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Expanding on a non-profit empire that has rehabilitated large swaths of southeast Queens, the Jamaica church broke ground Monday on a new building across from its cathedral that will hold stores on the ground level and rental apartments for low-income residents, the homeless and the physically disabled on the three stories above."I'm as happy as a pig in slop," said Community Board 12 Chairwoman Gloria Black, drawing howls of laughter during the ground-breaking, held under a tent at the site on Merrick Boulevard between 110th Road and 111th Avenue.The new project, called Greater Allen Affordable Housing, will replace a rundown row of storefronts topped by a single floor of apartments, a structure that was torn down during the first part of work. The new building will be completed by October 2006, with the land provided by the city Department of Housing Preservation and Development. Tax credits will be granted by the state Division of Housing and Community Renewal, and nearly half the financing will be supplied by Citibank's Community Development program. Greater Allen's Neighborhood Preservation and Development Corp. will fund the rest.The mixed-use building will contain 54 apartments, including nine specially equipped units reserved for the physically disabled and the rest for low-income residents and the homeless. Among the larger block of 45 apartments, units will be earmarked for those making 30 percent of the median income, those hitting the 50 percent mark and those reaching 60 percent. A lottery will be held in six months for the spaces, with the two-bedroom apartments renting for $350 to $750.The project represents another step toward redeveloping the community, a goal of the church."This project is part of a grand plan for Merrick Boulevard," said Rev. Reed, Allen's chief financial officer. "We're going to change the face of Merrick Boulevard so it represents all of you." Others who attended the ground-breaking ceremony also noted that there is often a disparity between the well-kept residences of the area and the dilapidated commercial strips, which causes shoppers to head elsewhere."The money is not staying in the community," Borough President Helen Marshall said. "Allen is changing that direction."The church, 18,000 members strong, has already built 225 units of housing in the area and rehabilitated another 300. It finished a 330-apartment senior housing development last fall at Merrick Boulevard and 107th Avenue. While the church's efforts began in the Methodist self-help tradition with Sunday tithes, they have grown into million-dollar partnerships with public agencies in a community once scorned."Allen is just not about building blocks," Deputy Mayor Dennis Walcott said. "Allen is about rebuilding the community."Already holding an asset base of $126 million, church leaders mentioned building a hotel and convention center in the area and developing vacant land at Jamaica's York College in the future. Said Rev. Floyd Flake, the head of Greater Allen and a driving force of the organization, "We believe that is just the beginning."Reach reporter Michael Morton by e-mail at email@example.com or by phone at 718-229-0300, Ext. 154.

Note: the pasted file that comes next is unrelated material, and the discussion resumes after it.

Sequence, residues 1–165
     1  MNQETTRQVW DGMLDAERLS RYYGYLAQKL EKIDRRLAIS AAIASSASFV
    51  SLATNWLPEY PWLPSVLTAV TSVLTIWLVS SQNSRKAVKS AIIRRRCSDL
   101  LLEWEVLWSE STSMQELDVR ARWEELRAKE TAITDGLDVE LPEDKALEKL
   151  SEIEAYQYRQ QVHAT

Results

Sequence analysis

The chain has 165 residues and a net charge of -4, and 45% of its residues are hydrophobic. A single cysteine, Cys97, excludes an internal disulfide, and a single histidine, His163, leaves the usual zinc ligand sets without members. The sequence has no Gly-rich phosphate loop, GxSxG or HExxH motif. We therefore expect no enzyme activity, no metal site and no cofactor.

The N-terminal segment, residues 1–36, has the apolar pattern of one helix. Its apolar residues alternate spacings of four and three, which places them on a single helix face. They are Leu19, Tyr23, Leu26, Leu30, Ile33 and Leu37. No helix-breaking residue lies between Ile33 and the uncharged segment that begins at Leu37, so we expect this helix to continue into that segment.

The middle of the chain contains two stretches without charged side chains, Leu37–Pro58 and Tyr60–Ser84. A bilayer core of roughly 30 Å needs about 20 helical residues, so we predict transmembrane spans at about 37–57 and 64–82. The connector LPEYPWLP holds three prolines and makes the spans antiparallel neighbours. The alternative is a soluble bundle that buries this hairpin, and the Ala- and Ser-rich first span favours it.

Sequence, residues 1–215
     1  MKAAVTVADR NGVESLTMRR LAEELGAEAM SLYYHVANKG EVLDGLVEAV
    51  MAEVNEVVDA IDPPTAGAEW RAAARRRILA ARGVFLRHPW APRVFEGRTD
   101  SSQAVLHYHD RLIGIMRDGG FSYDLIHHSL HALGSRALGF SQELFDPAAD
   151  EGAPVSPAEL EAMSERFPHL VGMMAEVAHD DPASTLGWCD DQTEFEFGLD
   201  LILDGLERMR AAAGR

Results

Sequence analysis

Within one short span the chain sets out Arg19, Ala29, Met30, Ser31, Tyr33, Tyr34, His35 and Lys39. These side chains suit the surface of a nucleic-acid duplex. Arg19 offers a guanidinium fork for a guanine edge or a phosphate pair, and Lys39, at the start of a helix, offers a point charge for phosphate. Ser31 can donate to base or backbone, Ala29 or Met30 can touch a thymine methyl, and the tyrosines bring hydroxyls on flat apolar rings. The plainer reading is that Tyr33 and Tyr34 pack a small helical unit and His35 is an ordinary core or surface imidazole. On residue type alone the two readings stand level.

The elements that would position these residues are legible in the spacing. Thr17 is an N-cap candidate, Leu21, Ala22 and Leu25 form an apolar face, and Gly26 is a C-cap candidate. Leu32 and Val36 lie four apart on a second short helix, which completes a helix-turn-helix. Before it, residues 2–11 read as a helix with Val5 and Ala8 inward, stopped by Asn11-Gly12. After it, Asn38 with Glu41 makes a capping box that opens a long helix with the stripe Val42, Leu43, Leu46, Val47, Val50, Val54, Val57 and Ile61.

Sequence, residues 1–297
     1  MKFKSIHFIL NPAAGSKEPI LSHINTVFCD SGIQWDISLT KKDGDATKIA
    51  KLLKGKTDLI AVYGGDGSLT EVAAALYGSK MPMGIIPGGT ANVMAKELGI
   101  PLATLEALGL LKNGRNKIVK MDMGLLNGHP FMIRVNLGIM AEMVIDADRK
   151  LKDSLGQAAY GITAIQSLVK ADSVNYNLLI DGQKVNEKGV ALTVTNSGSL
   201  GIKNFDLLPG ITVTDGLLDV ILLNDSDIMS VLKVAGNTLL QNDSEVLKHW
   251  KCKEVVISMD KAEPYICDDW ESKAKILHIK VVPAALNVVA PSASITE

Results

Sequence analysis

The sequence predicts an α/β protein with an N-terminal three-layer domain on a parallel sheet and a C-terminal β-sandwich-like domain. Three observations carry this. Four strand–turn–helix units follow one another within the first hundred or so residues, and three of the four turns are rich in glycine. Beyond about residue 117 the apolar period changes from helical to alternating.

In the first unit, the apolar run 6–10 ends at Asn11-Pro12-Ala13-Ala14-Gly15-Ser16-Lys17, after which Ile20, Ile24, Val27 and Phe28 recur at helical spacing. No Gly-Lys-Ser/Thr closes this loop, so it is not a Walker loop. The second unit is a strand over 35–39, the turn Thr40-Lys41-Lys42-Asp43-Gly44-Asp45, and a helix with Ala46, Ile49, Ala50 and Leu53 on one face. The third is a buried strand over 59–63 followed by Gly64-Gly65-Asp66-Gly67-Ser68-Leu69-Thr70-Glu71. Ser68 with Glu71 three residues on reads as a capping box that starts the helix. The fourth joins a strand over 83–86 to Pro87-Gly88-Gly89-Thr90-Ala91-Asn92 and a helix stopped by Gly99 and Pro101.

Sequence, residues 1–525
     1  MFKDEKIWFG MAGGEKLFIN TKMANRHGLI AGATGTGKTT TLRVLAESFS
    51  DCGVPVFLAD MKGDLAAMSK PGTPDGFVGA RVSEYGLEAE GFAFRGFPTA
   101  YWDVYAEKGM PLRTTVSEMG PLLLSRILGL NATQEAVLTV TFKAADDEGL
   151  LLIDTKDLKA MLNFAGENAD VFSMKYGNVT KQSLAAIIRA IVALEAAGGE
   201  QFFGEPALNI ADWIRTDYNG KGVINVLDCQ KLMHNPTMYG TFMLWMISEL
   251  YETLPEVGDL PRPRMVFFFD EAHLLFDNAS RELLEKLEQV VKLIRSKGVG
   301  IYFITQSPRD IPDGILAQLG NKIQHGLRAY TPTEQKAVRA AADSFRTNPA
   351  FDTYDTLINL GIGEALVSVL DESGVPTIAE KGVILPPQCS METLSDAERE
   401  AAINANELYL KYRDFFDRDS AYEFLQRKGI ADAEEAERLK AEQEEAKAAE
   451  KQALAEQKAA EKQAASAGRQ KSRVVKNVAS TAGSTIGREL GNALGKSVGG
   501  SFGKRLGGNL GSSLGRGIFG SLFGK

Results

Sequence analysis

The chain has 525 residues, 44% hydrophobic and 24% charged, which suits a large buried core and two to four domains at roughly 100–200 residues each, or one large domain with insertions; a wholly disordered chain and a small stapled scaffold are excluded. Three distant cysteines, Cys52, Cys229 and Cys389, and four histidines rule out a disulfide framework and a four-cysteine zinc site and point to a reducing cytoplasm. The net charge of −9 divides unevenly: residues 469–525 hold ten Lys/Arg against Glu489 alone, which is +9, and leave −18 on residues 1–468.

©2005 Community Newspaper Group
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